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The Reactionary Utopian (classic)
November 23, 2011

The “Dangerous” David Irving
A classic by Joseph Sobran
fitzgerald griffin foundation

The historian David Irving has lost his libel suit against Deborah Lipstadt and Penguin Books. Mrs. Lipstadt had called Irving “one of the most dangerous spokesmen for Holocaust denial.”

In a devastating ruling, Justice Charles Gray declared Irving a “racist” and “anti-Semite” who distorts historical facts in order to portray Adolf Hitler in what Gray, turning to British understatement, called “an unwarrantedly favorable light.” Under British law, Irving must now bear the $3 million in legal fees the defendants ran up.

Gray didn’t deny Irving’s contention that Mrs. Lipstadt, with the assistance of other Jewish agencies, including the Israeli government, has pursued a vendetta against Irving aimed at destroying his career. Mrs. Lipstadt herself doesn’t deny it. “As [Holocaust] survivors die off and there are fewer and fewer eyewitnesses,” she has explained tearfully, “there won’t be people to tell the story in the first person, and it will be easier to deny it.”

Such a statement calls in question Mrs. Lipstadt’s own competence as a historian. How does the factuality of the organized murder of millions depend on the testimony of those who escaped the murder? Individual Jews in concentration camps were in no position to know just what the comprehensive Nazi program was, and survivor testimony is notoriously unreliable anyway. Mrs. Lipstadt might as well say that when all the veterans of World War II die, it will become easier to deny that there was any war at all. Her understanding of how history is compiled seems remarkably naive.

Historians agree that Irving has unearthed many vital documents of World War II; yet he too seems capable of remarkable naiveté. It would be easier to believe that there was no Holocaust at all than that, as Irving has argued in his book Hitler’s War and elsewhere, the whole thing was conducted behind Hitler’s back and against his wishes.

Still, Irving has guts. Without a lawyer, he single-handedly took on a high-powered legal team, who employed several scholars in an all-out effort to scrutinize his life’s work (and even his private diaries) for evidence that could be used to discredit him. With such a mismatch in money and resources, given that he is one of the most outspoken scholars on earth, with a penchant for rash overstatement and even gratuitous insult, it’s no marvel that he lost. Would any judge have dared to rule in his favor?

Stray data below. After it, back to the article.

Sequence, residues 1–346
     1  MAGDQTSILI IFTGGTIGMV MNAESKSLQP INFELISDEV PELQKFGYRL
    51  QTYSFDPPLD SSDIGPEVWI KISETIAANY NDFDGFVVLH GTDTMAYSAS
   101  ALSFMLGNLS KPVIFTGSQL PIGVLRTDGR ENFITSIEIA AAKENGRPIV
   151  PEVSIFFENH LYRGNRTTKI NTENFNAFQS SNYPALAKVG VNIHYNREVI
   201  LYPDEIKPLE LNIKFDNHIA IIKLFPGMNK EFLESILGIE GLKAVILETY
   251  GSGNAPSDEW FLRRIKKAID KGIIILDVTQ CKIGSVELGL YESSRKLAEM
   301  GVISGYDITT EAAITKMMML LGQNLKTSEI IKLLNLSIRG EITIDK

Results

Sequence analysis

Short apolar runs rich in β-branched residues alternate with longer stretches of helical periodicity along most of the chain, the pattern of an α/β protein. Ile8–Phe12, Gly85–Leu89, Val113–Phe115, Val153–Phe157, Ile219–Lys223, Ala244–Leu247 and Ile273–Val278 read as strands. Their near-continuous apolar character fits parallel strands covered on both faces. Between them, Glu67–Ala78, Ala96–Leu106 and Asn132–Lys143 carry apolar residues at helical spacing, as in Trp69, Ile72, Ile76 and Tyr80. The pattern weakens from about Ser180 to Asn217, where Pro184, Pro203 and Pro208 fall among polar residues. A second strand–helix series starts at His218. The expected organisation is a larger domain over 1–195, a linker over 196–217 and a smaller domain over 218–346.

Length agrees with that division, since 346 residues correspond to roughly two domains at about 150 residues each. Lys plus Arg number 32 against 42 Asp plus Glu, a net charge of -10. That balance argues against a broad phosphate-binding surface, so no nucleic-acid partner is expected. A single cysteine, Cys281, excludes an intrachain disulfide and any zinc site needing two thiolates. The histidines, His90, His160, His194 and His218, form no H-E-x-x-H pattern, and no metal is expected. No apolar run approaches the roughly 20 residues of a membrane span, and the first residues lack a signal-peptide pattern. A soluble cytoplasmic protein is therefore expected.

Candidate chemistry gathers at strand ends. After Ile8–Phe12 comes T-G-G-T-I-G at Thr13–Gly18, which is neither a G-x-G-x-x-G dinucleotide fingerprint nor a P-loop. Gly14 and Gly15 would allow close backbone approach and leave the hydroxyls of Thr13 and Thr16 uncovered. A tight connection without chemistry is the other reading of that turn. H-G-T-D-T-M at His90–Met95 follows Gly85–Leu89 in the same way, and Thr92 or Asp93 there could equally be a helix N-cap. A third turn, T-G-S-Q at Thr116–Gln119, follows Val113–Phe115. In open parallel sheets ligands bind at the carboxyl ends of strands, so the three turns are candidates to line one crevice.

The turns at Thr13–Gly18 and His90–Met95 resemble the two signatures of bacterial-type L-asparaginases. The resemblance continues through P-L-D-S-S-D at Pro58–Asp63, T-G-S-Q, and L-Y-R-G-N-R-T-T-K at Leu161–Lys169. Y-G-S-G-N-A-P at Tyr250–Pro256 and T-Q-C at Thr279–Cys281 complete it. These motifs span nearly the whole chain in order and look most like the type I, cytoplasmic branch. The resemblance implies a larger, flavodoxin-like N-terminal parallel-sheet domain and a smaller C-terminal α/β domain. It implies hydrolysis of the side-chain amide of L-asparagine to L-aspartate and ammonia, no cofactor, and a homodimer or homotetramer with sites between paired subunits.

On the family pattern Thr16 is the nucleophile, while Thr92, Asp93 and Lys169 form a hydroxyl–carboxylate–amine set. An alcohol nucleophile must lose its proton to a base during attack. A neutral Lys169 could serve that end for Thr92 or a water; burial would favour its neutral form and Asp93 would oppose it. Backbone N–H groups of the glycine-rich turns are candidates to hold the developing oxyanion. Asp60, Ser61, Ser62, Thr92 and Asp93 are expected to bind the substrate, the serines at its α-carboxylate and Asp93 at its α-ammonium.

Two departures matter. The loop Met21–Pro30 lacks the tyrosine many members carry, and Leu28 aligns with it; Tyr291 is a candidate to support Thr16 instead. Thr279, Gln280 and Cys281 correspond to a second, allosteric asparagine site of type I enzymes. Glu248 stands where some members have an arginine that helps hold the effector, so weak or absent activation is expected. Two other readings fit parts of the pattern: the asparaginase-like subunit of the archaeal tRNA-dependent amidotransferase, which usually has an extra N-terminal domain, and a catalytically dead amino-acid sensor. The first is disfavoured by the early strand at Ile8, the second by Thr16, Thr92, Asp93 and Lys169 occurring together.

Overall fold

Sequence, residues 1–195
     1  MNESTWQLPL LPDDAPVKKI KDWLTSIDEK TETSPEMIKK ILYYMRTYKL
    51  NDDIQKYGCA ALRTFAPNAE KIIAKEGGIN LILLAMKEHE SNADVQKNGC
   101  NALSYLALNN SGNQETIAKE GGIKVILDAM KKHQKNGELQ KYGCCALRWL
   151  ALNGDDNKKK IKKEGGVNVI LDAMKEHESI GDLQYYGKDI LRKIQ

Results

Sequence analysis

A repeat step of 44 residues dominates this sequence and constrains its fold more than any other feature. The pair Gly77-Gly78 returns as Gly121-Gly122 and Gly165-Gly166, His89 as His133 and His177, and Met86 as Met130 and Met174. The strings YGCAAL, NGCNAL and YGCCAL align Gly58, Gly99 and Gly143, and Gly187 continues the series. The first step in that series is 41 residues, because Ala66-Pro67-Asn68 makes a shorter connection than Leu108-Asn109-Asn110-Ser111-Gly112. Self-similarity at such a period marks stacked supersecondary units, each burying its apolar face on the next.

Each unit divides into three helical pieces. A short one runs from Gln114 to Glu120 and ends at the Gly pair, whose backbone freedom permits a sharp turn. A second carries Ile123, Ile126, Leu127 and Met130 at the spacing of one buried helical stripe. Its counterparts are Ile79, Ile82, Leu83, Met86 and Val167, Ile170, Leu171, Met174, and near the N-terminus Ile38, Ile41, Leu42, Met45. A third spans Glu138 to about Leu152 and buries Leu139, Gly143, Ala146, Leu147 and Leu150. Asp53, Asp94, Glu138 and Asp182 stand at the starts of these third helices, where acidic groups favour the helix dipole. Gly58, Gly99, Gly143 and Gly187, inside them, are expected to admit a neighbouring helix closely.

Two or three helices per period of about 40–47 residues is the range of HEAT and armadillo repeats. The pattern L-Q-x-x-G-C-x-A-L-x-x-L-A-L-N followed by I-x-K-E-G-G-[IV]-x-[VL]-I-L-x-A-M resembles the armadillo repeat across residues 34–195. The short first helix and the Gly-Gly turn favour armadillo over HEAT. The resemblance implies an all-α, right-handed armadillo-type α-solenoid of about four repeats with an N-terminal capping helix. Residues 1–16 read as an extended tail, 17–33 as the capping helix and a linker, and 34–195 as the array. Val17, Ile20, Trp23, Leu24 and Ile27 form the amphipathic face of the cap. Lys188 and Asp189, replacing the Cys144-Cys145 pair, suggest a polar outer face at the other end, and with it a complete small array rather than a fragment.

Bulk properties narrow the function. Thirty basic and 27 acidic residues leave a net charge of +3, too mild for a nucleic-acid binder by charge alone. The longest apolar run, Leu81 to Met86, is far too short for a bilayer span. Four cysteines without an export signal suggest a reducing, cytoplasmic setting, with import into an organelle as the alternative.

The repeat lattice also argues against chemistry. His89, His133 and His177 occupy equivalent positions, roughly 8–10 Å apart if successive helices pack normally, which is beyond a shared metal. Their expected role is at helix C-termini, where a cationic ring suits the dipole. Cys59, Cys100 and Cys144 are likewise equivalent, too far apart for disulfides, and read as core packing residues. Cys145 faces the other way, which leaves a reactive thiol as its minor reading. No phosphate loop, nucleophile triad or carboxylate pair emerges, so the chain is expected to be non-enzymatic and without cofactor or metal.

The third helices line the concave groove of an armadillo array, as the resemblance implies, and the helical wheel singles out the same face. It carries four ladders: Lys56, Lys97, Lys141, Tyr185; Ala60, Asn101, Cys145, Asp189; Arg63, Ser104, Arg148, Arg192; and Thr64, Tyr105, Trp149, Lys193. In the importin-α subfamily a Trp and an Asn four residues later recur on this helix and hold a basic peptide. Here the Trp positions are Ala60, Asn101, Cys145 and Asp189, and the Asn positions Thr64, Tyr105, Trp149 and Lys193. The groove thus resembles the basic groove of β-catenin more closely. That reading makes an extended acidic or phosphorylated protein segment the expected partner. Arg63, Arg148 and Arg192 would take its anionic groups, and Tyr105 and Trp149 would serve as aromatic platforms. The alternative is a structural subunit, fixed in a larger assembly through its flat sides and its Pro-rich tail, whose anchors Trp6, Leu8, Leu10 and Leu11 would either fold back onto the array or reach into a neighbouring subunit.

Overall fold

But in what sense is Irving “dangerous,” as Mrs. Lipstadt charged? Dangerous to whom, to what interests? And exactly why did the Israeli government have to get involved in this case? Gray didn’t explain.

Irving was already banned from several countries because of his views; he has been prosecuted and fined in Germany, where he can no longer get access to the very documents he himself has discovered! The world can’t afford to tolerate even a single man like him? Apparently not, though plenty of scholars espouse dubious and eccentric views on all sorts of subjects without getting the treatment Irving has received. Usually we think it’s enough to let book reviewers mete out justice, however imperfectly. My last book drew some harsh reviews, but none of them suggested that my career be wrecked or that I be jailed.

Some sort of congratulations must be due to the international Jewish thought-control apparatus. It must be comforting to American taxpayers, who pay billions in aid to Israel, to know that they are helping to subsidize Israeli efforts to see to it that free speech doesn’t get out of control in democratic countries, from Germany to Canada to Australia. In Switzerland, for example, a man has just drawn a three-year prison sentence for the crime of Holocaust denial. Presumably he too was “dangerous” — to someone.

Hitler has been out of business for more than half a century. He poses no threat now. On any objective scale, he did far less harm than Stalin and his pals, but it’s no crime, anywhere, to deny or minimize the atrocities of the Stalin-Roosevelt-Churchill alliance (which Churchill himself seems to have regretted later in his life). On the contrary, the misdeeds of that alliance are still celebrated as victories for democracy and civilization.

David Irving’s ruin should tell us where the real danger to freedom now lies.

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Copyright © 2011 by the Fitzgerald Griffin Foundation. All rights reserved. This column was published originally by Griffin Internet Syndicate on April 18, 2000.

Joe Sobran was an author and a syndicated columnist. See bio and archives of some of his columns.

Watch Sobran's last TV appearance on YouTube.

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